$\begin{array}{c}{\stackrel{\_}{x}}_{00}=0.085\left({C}_{30}+{C}_{32}\right)+0.085\left({C}_{03}+{C}_{23}\right)+\frac{1}{8}\left({C}_{31}+{C}_{13}\right)+\frac{1}{16}{C}_{33}\\ {\stackrel{\_}{x}}_{10}=0.18\left({C}_{30}+{C}_{32}\right)+0.085\left({C}_{03}{C}_{23}\right)\frac{1}{4}{C}_{31}+0.042{C}_{13}\frac{1}{8}{C}_{33}\\ {\stackrel{\_}{x}}_{20}=0.18\left({C}_{30}+{C}_{32}\right)+0.085\left({C}_{03}{C}_{23}\right)+\frac{1}{4}{C}_{31}0.042{C}_{13})+\frac{1}{8}{C}_{33}\\ {\stackrel{\_}{x}}_{30}=0.085\left({C}_{30}+{C}_{32}\right)+0.085\left({C}_{03}+{C}_{23}\right)+\frac{1}{8}\left({C}_{31}+{C}_{13}\right)\frac{1}{16}{C}_{33}\\ {\stackrel{\_}{x}}_{01}=0.085\left({C}_{30}{C}_{32}\right)0.18\left({C}_{03}+{C}_{23}\right)+0.042{C}_{31}\frac{1}{4}{C}_{13}+\frac{1}{8}{C}_{33}\\ {\stackrel{\_}{x}}_{11}=0.18\left({C}_{30}{C}_{32}\right)0.18\left({C}_{03}{C}_{23}\right)0.085\left({C}_{31}+{C}_{13}\right)+\frac{1}{4}{C}_{33}\\ {\stackrel{\_}{x}}_{21}=0.18\left({C}_{30}{C}_{32}\right)0.18\left({C}_{03}{C}_{23}\right)+0.085\left({C}_{31}+{C}_{13}\right)\frac{1}{4}{C}_{33}\\ {\stackrel{\_}{x}}_{31}=0.085\left({C}_{30}{C}_{32}\right)0.18\left({C}_{03}+{C}_{33}\right)0.042{C}_{31}+\frac{1}{4}{C}_{13}+\frac{1}{8}{C}_{33}\\ {\stackrel{\_}{x}}_{02}=0.085\left({C}_{30}{C}_{32}\right)+0.18\left({C}_{03}+{C}_{23}\right)0.042{C}_{31}+\frac{1}{4}{C}_{13}+\frac{1}{8}{C}_{33}\\ {\stackrel{\_}{x}}_{12}=0.18\left({C}_{30}{C}_{32}\right)+0.18\left({C}_{03}{C}_{23}\right)+0.085\left({C}_{31}+{C}_{13}\right)\frac{1}{4}{C}_{33}\\ {\stackrel{\_}{x}}_{22}=0.18\left({C}_{30}{C}_{32}\right)+0.18\left({C}_{03}{C}_{23}\right)0.085\left({C}_{31}+{C}_{13}\right)+\frac{1}{4}{C}_{33}\\ {\stackrel{\_}{x}}_{32}=0.085\left({C}_{30}{C}_{32}\right)+0.18\left({C}_{03}+{C}_{23}\right)+0.042{C}_{31}\frac{1}{4}{C}_{13}\frac{1}{8}{C}_{33}\\ {\stackrel{\_}{x}}_{03}=0.085\left({C}_{30}+{C}_{32}\right)0.085\left({C}_{03}+{C}_{23}\right)+\frac{1}{8}\left({C}_{31}+{C}_{13}\right)\frac{1}{16}{C}_{33}\\ {\stackrel{\_}{x}}_{13}=0.18\left({C}_{30}+{C}_{32}\right)0.085\left({C}_{03}{C}_{23}\right)+\frac{1}{4}{C}_{31}0.042{C}_{13}+\frac{1}{8}{C}_{33}\\ {\stackrel{\_}{x}}_{23}=0.18\left({C}_{30}+{C}_{32}\right)0.085\left({C}_{03}{C}_{23}\right)\frac{1}{4}{C}_{31}+0.042{C}_{13}\frac{1}{8}{C}_{33}\\ {\stackrel{\_}{x}}_{33}=0.085\left({C}_{30}+{C}_{32}\right)0.085\left({C}_{03}+{C}_{23}\right)+\frac{1}{8}\left({C}_{31}+{C}_{13}\right)+\frac{1}{16}{C}_{33}\end{array}$

As with the previous embodiments, the above equation set replaces the need for an inverse DCT to be performed at the MPEG decoder, and therefore, the fourth embodiment of the invention also provides that within an MPEG or JPEG decoder the entire IDCT block 10 as shown in FIG. 1 can be replaced by a hardware or software functional element which simply performs the mathematical operations described by the above equations. The implementation cost for the above equations are 45 additions and 17 right shift operations if the three real numbers, 0.085, 0.042 and 0.18, are approximated, respectively, by {fraction (1/16)}, {fraction (1/32)}, and ⅛. However, as mentioned above the use of these extra seven coefficients does not produce any noticeable improvement on the quality of its extracted frames, and hence this scheme is excluded from further discussions.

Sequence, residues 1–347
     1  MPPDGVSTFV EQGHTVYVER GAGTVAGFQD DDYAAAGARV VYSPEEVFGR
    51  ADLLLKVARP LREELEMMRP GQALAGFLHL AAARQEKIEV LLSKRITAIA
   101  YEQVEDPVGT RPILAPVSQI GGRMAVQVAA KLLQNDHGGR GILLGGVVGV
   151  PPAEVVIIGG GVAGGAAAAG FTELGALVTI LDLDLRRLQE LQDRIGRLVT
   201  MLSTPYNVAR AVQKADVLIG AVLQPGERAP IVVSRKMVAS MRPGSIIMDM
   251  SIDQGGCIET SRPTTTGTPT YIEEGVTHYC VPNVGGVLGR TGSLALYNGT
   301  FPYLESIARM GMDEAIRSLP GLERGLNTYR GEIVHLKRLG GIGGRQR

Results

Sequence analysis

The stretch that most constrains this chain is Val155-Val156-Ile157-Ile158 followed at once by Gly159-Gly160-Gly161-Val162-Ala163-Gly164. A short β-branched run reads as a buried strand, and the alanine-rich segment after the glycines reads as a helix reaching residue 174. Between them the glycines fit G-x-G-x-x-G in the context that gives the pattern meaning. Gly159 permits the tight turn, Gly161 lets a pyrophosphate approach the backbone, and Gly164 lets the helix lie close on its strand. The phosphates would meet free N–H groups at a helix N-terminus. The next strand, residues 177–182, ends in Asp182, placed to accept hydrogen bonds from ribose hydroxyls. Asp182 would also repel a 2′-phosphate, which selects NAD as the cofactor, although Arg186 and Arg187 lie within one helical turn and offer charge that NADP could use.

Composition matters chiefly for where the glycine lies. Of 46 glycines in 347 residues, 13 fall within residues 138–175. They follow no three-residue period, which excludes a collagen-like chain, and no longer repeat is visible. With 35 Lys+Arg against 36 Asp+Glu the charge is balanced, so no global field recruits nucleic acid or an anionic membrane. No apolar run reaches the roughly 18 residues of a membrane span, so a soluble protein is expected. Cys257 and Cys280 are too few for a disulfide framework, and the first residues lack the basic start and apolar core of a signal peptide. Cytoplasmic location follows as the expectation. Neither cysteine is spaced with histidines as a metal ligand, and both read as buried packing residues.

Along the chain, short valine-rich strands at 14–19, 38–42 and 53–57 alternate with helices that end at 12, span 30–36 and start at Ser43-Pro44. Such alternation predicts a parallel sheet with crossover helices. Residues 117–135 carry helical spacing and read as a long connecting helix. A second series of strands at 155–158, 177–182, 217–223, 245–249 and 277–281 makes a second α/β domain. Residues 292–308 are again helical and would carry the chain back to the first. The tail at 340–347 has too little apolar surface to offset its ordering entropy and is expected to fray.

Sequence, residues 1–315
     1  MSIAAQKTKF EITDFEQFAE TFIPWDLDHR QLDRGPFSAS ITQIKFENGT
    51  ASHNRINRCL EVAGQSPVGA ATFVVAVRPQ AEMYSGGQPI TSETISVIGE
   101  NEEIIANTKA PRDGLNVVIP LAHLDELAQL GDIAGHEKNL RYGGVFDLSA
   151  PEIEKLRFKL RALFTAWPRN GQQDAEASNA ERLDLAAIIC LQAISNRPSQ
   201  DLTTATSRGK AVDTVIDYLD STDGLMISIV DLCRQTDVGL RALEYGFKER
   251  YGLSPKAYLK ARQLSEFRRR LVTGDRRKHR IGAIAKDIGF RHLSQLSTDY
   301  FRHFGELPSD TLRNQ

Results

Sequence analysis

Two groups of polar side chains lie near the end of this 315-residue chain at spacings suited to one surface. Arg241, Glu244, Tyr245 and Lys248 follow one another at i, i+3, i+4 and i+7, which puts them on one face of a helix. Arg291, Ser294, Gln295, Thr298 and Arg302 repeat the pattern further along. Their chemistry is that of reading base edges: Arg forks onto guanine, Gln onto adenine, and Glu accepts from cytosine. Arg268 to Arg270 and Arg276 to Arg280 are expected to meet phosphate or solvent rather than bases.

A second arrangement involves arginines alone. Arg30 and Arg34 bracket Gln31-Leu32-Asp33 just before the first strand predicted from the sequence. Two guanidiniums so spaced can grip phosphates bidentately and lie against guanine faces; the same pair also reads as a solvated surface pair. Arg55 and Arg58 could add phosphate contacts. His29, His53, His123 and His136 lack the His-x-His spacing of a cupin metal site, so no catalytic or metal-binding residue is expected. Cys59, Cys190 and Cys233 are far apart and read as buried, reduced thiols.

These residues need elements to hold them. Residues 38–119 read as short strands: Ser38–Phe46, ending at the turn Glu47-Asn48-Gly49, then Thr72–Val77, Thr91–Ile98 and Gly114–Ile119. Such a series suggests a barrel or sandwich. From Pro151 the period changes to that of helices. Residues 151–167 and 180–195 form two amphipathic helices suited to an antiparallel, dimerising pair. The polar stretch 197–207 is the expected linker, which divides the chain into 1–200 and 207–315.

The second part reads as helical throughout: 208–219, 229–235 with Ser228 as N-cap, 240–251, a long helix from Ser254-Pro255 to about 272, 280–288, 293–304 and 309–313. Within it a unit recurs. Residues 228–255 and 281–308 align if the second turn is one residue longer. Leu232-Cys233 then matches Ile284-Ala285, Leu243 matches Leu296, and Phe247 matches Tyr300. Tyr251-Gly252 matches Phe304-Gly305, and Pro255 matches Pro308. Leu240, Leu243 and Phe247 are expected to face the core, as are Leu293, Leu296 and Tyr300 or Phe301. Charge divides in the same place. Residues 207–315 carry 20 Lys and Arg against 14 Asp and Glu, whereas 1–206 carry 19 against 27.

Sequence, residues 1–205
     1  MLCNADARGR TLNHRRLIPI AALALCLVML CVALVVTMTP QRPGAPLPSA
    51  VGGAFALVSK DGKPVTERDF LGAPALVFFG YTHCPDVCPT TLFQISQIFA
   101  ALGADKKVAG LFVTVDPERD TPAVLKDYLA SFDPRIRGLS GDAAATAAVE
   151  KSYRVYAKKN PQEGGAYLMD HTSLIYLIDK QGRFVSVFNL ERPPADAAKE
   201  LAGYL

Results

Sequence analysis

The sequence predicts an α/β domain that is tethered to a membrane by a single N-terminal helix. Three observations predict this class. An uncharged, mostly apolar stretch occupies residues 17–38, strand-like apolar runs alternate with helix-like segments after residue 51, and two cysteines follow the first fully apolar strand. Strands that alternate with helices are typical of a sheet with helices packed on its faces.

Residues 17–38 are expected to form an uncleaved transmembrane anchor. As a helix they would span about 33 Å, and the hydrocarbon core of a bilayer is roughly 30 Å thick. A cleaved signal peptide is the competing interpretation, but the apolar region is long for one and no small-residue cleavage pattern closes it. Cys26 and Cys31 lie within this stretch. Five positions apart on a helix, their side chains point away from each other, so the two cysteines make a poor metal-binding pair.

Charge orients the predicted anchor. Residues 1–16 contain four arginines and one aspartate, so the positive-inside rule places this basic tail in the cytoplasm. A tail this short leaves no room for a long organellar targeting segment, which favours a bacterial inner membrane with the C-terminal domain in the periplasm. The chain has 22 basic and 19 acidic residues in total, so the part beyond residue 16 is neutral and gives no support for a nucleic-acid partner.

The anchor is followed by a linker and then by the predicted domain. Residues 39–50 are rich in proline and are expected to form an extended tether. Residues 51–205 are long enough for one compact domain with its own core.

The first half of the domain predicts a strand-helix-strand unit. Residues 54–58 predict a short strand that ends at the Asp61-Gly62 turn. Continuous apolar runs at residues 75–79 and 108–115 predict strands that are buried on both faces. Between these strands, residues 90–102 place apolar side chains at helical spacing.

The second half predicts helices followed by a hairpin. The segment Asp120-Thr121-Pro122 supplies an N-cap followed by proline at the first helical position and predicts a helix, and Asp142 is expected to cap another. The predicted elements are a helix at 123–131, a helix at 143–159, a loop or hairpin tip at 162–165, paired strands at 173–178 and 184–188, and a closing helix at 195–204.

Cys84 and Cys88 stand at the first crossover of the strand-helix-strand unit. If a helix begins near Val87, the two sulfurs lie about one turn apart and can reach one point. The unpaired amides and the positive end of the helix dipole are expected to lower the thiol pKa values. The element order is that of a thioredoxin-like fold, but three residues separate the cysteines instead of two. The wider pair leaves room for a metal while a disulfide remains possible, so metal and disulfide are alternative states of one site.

In summary, therefore, according to the embodiments of the present invention four video extraction schemes are provided, in which three schemes extract video frames in 4×4 blocks using respectively, 4, 9, and 16 DCT coefficients, and one scheme extracts video frames in 2×2 blocks using 4 DCT coefficients. It should be understood that the four embodiments are mere examples, and similar schemes which produce blocks of different sizes using greater or lesser numbers of DCT coefficients can be designed by applying the mathematical principles of the present invention as described herein, and that such alternative schemes are intended to be encompassed within the present invention.

Results

The results provided by the first to third embodiments of the present invention will now be described with reference to the example frames (a), (b) and (c) shown in each of FIGS. 11, 12, 13, and 14. More particularly, FIG. 11 illustrates three frames generated by the first embodiment, FIG. 12 illustrates the same three frames when generated by the second embodiment, and FIG. 13 illustrates the frames when generated according to the third embodiment. For comparison, FIG. 14 shows the same frames extracted using a full IDCT of the prior art, downsampled by 2 from the original size of 288×352 for comparison with the extracted frames at the same size.

In order to generate the images mentioned above, each of the embodiments was implemented in a Microsoft® Visual C++ environment based on C source code of an original MPEG2 decoder downloaded from Internet. In this respect therefore, the specific implementation therefore corresponds to the software implementation described previously with respect to FIG. 9. In order to ensure a fair comparison, moreover, each frame has been enlarged to the same size, this enlargement being accomplished by simply repeating the same pixel along both the horizontal and vertical directions respectively until the required size is reached. Thus, where a 2×2 pixel block is extracted for each 8×8 block of DCT coefficients input thereto, in order to enlarge the extracted pixels to the same size as the source image each pixel is repeated vertically four times and horizontally four times, resulting in 16 identical pixels. Where a 4×4 block has been extracted, each pixel need only be repeated twice in each direction. This mode of enlargement of simply repeating pixels provided by the invention is computationally straightforward, and carries very little overhead cost, thus allowing the enlargement to be performed without compromising the increase in computational efficiency which is gained using the direct pixel extraction technique of the invention.